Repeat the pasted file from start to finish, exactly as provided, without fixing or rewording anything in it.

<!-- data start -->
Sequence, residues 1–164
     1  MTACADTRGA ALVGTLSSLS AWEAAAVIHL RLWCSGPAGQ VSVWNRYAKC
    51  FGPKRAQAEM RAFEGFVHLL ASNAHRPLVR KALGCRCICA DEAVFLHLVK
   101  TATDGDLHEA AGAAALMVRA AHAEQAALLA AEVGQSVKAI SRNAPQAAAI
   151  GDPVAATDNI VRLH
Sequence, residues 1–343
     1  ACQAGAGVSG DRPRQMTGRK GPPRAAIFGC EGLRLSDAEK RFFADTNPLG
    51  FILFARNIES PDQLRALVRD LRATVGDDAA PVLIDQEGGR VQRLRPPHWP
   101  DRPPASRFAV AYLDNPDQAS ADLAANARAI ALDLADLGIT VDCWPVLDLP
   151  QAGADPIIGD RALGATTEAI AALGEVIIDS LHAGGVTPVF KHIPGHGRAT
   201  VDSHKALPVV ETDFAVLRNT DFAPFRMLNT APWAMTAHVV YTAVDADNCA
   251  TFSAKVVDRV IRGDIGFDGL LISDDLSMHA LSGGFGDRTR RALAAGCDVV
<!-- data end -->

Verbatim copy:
Sequence, residues 1–164
     1  MTACADTRGA ALVGTLSSLS AWEAAAVIHL RLWCSGPAGQ VSVWNRYAKC
    51  FGPKRAQAEM RAFEGFVHLL ASNAHRPLVR KALGCRCICA DEAVFLHLVK
   101  TATDGDLHEA AGAAALMVRA AHAEQAALLA AEVGQSVKAI SRNAPQAAAI
   151  GDPVAATDNI VRLH
Sequence, residues 1–343
     1  ACQAGAGVSG DRPRQMTGRK GPPRAAIFGC EGLRLSDAEK RFFADTNPLG
    51  FILFARNIES PDQLRALVRD LRATVGDDAA PVLIDQEGGR VQRLRPPHWP
   101  DRPPASRFAV AYLDNPDQAS ADLAANARAI ALDLADLGIT VDCWPVLDLP
   151  QAGADPIIGD RALGATTEAI AALGEVIIDS LHAGGVTPVF KHIPGHGRAT
   201  VDSHKALPVV ETDFAVLRNT DFAPFRMLNT APWAMTAHVV YTAVDADNCA
   251  TFSAKVVDRV IRGDIGFDGL LISDDLSMHA LSGGFGDRTR RALAAGCDVV